Picky eater or feeding disorder?

Picky eating among young children is so commonplace, it is often a topic of conversation at cocktail parties and playgrounds: “My child won’t eat anything green,” or “My child eats only white foods.”

Most children outgrow this stage between ages 5 and 7. Yet, for a large percentage of developmentally delayed children, such as those born prematurely, and for the five percent of the rest of the population of toddlers and children, picky eating is a serious health problem.

What’s wrong?

Some children are so picky or feeding averse that they will consume only a few foods, such as crackers and certain types of juice.

How do you know what type of feeder your child is? A picky eater may reject certain foods, but still has a nourishing diet. Children with a pediatric feeding disorder may consume only three to four types of foods and reject entire food groups, resulting in too few calories and nutrients for healthy growth and development.

“Most kids experience food jags. A child with a feeding disorder will start omitting foods out of their repertoire instead of adding them,” says early intervention nutrition specialist Jennine Sidler, RD, of Primary Nutrition Specialists in Frankfort, Ill. “Often, the first sign of an eating disorder is they can’t look at the food.”

She points to numerous physical reasons a child rejects certain foods, including pain, malaise, immature motor skills, behavior or emotional problems, and parental or environmental factors.

“Most of the time, it’s physical — some type of surgery, reflux, GI pain, or negative reinforcement,” says Sidler. “Or they have autism, Asperger’s syndrome, Down syndrome or some type of development delay.”

When new foods frighten

Studies at the University of Pennsylvania’s Monell Chemical Senses Center found that many times children have aversions not to odors or tastes, but to food textures such as slimy or gooey.

“Generally, it’s the wet plant foods such as the fruit and vegetable group that the sensory kids avoid,” says Sidler, a mother of three, including one who is picky due to allergies.

Feeding problems are increasing due to the rise of disorders such as autism, sensory integration, and even prematurity.

“A feeding problem is often the first clue a developmental disorder exists,” she says. “Most of the kids crave crunchy and eat a lot of the starch group. They’re completely omitting the fruit and vegetable group. A lot of times it feels like they’re eating a grasshopper. They can’t even touch it.”

Five tips for parents

• Children don’t naturally expand their food choices. The parents’ job is to offer healthful meals every day, and it’s up to the child to learn to eat them.

• Parents and even siblings should be role models. They should spend time teaching their child about the taste, texture, temperature, color, and nutritional value of food to make them feel comfortable with trying new foods.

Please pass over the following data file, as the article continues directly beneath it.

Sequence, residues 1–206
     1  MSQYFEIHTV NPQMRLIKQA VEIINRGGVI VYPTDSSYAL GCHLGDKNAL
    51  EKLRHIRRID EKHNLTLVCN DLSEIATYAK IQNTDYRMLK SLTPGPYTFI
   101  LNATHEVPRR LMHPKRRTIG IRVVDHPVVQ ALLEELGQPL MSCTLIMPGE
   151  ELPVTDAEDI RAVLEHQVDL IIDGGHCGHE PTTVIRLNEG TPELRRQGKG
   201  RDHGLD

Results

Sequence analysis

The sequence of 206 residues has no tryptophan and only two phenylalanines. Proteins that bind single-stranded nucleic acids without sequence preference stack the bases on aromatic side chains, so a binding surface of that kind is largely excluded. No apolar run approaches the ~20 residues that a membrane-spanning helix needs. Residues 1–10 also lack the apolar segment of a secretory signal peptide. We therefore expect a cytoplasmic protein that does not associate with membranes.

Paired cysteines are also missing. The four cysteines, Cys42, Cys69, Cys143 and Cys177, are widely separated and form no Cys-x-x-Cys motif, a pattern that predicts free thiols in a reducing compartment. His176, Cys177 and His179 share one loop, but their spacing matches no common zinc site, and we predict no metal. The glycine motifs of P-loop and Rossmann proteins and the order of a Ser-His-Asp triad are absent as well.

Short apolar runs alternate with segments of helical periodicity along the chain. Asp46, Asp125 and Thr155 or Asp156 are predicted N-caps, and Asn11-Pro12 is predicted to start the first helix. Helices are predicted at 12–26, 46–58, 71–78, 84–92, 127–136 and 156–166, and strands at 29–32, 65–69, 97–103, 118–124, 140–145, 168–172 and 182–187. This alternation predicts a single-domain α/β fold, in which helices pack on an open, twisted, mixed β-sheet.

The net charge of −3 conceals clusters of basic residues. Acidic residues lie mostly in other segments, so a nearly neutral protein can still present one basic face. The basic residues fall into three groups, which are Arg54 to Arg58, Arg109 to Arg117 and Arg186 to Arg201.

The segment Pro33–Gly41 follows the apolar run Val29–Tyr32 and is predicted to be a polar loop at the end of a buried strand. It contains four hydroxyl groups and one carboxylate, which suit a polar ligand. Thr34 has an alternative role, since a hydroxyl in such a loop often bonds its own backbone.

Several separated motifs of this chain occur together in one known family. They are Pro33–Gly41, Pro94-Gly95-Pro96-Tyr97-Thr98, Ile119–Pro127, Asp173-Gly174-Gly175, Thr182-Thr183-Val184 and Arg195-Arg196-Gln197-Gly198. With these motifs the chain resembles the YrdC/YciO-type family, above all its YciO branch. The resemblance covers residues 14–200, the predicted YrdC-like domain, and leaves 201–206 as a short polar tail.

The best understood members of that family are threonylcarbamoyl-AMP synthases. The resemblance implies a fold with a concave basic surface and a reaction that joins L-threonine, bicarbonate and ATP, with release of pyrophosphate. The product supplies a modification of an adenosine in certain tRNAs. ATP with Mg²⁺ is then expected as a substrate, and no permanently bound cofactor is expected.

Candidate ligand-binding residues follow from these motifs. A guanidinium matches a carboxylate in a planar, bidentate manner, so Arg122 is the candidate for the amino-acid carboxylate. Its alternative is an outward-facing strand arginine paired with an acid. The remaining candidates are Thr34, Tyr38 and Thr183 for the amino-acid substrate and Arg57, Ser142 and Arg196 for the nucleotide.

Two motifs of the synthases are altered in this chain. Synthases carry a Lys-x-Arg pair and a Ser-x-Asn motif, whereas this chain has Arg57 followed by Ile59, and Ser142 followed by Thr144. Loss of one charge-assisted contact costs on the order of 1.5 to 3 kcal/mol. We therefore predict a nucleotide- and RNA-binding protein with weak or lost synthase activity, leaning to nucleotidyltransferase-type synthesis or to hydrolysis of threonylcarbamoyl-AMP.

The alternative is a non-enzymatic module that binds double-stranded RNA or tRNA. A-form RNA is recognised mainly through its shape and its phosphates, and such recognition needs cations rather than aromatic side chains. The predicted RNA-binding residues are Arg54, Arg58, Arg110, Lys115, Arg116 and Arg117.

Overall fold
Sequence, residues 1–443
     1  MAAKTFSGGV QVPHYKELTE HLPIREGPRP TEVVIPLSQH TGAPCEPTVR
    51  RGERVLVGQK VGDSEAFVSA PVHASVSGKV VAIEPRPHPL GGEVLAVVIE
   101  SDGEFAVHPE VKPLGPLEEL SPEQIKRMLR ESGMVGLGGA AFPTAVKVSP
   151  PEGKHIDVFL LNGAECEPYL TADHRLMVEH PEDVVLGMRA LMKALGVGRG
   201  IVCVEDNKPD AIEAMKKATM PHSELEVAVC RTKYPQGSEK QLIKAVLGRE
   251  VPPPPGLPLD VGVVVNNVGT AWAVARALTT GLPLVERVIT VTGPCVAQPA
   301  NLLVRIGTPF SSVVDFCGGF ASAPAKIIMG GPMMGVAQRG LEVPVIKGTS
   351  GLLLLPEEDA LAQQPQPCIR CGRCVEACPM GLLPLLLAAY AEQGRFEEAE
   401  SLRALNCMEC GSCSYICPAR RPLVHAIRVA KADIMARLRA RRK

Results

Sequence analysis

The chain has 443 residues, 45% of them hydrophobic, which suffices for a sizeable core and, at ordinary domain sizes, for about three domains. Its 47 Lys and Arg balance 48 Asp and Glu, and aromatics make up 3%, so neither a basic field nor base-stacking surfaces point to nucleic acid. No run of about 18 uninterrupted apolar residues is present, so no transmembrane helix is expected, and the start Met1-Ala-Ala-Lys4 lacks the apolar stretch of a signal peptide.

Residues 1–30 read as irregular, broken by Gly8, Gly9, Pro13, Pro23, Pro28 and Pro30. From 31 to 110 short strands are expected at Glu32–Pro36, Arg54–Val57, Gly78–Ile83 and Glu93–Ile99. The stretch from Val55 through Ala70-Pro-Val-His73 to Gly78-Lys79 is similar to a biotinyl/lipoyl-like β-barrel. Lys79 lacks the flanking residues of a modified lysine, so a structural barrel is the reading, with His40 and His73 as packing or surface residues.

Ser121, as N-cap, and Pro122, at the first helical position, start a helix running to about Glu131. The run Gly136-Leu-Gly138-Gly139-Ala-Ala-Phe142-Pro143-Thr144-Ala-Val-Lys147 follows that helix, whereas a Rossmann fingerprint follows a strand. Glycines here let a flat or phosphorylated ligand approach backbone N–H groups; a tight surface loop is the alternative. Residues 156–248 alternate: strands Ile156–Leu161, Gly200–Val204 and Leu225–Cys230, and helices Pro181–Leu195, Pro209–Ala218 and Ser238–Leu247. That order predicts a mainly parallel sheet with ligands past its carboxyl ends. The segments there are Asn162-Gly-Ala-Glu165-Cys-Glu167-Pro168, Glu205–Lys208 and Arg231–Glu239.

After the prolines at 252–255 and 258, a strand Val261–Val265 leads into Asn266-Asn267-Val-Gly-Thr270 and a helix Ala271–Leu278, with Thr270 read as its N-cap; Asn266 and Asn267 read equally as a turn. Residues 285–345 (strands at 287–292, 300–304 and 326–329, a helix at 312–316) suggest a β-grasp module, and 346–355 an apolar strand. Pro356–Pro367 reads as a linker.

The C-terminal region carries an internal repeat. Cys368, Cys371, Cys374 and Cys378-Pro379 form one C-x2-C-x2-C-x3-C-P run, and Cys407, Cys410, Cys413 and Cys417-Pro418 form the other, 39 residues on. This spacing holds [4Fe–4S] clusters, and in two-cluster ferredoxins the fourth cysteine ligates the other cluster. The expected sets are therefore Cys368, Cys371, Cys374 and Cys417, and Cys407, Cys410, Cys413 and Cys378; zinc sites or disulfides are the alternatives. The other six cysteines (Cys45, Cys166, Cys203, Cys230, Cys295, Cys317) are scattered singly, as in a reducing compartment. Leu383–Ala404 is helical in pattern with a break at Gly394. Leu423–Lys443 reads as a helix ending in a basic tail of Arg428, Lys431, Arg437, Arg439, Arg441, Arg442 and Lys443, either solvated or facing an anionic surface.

“Parents need to sit down and eat with their kids. They have to be teachers of foods,” says Sidler.

• She recommends toddlers sit in a high chair to help support their posture, and that parents check to see if the chair has a spot for their feet.

“Don’t let them walk around, eat at a coffee table or even at a bar with their feet dangling,” says Sidler. Also, avoid eating in front of a television.

• Allow the child to explore texture.

“To expose them to a lot of textures, play with rice, sand or whipped cream,” says Sidler. “They need to get their hands dirty, because they don’t like to get their hands dirty.”

• Have fun with food. Sidler recommends providing a fun fork or spoon, or playing a game by hiding a blueberry inside a baked potato.

“Otherwise,” says Sidler, “they would never touch the baked potato.”

Christine M. Palumbo, RD is a nutritionist from Naperville, Ill. One of her three children still can’t stomach the texture of potatoes. Follow her on Facebook at Christine Palumbo Nutrition, on Twitter @PalumboRD or at ChristinePalumbo.com.

Frocho Pop

Serves six

Preparation time: 10 minutes


1 cup mango, fresh or frozen

1 cup plain 2 percent Chobani Greek Yogurt

1 tsp lemon juice

3-5 Tbsp honey, depending on sweetness preferred

DIRECTIONS: Puree fruit, yogurt and honey to taste in a food processor until smooth, divide the mixture among freezer-pop molds, stopping about one inch from the top. Insert the sticks and freeze until completely firm, about six hours. Dip the molds briefly in hot water before unmolding.

If you don’t have molds, a small paper cup with plastic wrap over the top and a freezer pop stick in center will work, too.

NUTRITION FACTS: 70 calories, 16 grams carbohydrate, 4 grams protein, 0 grams fat or cholesterol, 18 milligrams sodium, 1 gram fiber, 15 grams sugar

Recipe used with permission by chobani.com/kitchen.